Latest CVs present temptation to borrow
Woo-hoo! The council has valued your property and your net wealth has just leapt.
This week saw Auckland Council release the CVs (capital valuations) for all our homes and we Auckland ants crashed its website trying to find out what our ant hills were worth.
Many people’s first reaction will be the shocked ‘‘ how much?’’.
This is the reaction of sane people who bought houses a long time ago, who simply can’t grasp that there are people who can and will pay sums of that kind for a home.
Others will rub their heads and wonder if it is time to cash up and move to Hamilton.
Others will rub their hands with glee.
They feel richer. Perhaps it’s time to buy that holiday, or car, or boat.
I read a report about people seeking to borrow against their homes for such things as a result of feeling richer thanks to the CV releases.
I dearly hope the report wasn’t correct.
I am not against new boats, holidays and cars but I wouldn’t borrow against the home for them.
It is every person’s right as a free New Zealand citizen to go deeper into debt slavery and enrich the banks still further by paying them even more interest.
But as a fairly conservative person I believe the bedrock of a prosperous, sustainable family is a debt-free home.
And I believe it’s madness to spend your capital or your equity on luxuries, no matter how lifeenhancing.
That equity and capital is your protection against the future.
It is your security and that of your loved ones. The aim should be to guard it and grow it.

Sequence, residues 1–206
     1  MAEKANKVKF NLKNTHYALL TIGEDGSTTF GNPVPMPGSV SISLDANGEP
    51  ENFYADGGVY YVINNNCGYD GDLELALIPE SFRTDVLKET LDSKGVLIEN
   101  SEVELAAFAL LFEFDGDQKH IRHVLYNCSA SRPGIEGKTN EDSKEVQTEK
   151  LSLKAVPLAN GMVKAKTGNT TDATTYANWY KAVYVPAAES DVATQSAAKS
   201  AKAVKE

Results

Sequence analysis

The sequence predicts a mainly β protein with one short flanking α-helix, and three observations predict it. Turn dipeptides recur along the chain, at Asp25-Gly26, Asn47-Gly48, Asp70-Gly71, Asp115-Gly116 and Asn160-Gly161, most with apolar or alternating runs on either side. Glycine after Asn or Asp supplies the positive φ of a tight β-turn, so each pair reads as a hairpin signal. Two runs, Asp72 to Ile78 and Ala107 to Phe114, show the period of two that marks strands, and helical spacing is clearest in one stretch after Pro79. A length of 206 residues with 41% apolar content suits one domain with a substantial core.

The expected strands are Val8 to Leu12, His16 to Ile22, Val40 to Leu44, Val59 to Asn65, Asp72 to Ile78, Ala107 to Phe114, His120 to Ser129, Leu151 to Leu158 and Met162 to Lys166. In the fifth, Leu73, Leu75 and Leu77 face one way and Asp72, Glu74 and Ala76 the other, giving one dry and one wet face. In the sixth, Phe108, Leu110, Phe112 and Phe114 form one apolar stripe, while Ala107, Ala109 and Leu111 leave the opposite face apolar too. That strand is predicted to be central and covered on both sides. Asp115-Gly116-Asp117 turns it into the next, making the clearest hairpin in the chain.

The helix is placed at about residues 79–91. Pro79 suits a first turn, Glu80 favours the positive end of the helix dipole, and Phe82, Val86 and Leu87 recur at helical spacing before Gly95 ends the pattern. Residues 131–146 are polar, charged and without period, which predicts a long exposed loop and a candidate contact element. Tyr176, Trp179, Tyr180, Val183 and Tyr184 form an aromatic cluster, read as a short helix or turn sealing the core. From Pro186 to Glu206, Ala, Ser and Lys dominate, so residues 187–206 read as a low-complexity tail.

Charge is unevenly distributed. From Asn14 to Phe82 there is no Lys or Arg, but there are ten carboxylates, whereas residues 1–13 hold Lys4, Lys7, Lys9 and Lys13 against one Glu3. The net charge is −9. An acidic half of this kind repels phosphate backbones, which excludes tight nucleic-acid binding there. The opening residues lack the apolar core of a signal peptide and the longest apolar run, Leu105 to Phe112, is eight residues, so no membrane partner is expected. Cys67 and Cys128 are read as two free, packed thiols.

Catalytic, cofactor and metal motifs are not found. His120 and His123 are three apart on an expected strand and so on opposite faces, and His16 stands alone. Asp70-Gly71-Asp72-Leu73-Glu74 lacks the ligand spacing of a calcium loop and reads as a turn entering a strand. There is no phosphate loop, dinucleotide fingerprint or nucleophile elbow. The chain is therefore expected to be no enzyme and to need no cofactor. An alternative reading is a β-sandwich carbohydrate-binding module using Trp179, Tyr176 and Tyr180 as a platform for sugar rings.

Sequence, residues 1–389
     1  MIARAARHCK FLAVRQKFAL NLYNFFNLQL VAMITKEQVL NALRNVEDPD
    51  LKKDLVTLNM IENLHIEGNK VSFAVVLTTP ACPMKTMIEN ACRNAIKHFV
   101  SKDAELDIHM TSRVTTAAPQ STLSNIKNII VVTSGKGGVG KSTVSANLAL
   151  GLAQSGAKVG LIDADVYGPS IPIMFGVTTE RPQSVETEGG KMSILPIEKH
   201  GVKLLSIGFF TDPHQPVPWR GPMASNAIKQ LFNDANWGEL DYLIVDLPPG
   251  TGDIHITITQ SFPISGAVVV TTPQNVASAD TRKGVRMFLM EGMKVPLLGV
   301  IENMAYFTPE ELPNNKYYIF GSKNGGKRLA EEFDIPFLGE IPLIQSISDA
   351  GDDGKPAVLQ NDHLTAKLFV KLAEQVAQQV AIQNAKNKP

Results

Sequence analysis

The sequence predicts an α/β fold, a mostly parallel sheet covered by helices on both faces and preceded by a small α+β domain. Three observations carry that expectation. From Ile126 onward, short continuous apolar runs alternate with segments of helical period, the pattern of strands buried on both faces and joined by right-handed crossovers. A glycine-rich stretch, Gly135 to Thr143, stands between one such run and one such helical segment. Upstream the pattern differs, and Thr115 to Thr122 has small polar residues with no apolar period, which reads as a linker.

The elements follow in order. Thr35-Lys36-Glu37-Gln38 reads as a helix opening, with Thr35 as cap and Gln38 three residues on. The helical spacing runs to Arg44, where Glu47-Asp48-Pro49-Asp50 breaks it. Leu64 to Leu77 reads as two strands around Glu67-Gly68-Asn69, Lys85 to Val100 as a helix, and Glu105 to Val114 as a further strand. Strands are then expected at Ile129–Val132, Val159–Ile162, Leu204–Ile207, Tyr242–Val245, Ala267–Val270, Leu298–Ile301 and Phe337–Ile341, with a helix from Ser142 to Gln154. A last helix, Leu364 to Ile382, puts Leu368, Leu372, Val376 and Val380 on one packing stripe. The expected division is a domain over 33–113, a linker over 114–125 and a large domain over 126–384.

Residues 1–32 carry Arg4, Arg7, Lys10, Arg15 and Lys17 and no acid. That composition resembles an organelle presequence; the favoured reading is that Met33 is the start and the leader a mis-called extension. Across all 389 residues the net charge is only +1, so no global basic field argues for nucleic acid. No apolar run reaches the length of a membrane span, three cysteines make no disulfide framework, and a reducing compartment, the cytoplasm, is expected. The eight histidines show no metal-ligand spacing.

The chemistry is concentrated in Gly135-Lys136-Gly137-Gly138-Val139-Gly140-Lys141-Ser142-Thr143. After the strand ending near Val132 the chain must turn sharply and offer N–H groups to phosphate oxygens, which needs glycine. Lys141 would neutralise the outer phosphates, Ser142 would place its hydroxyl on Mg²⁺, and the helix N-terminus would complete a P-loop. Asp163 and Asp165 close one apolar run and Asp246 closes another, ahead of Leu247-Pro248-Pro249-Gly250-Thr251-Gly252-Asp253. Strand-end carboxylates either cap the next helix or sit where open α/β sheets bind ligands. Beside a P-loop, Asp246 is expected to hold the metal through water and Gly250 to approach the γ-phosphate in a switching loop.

If you want a boat, give something else up and save up the money.
There are some things I wouldn’t criticise a person for borrowing against the home for. A modest, necessary car. A necessary medical treatment the state won’t fund (or won’t fund until you are practically disabled) would also tick the box.
And yes, even a boat, if you are running a business chartering it.
Home improvements can serve to increase equity, which is great if you are planning to sell but it’s easy to go overboard and end up living in a show home with crippling mortgage payments.
Some like to use the equity in their homes to buy investment properties or to fund a business.
They are taking calculated risks to make investments in their future.
That’s very different from taking on debt (and the risk and cost it brings) to consume.
The other thing I have always felt about debt is how very real and enduring it is.
That $30,000 owed to the bank has to be paid back, regardless of what happens tomorrow.
By contrast, the veracity of your home’s CV can only be judged when you sell it to someone else.
When I checked out the notional value of the anthill I occupy, I read the disclaimers which reminded me of this.
Auckland Council ‘‘accepts no liability for any error, omission or inaccuracy of the information or from any use of or reliance on the information provided by this website’’.
The CVs are all part of a massive exercise in deciding whether your rates bill should be big, vast or immense.
CV accuracy is aimed for. But it is not guaranteed.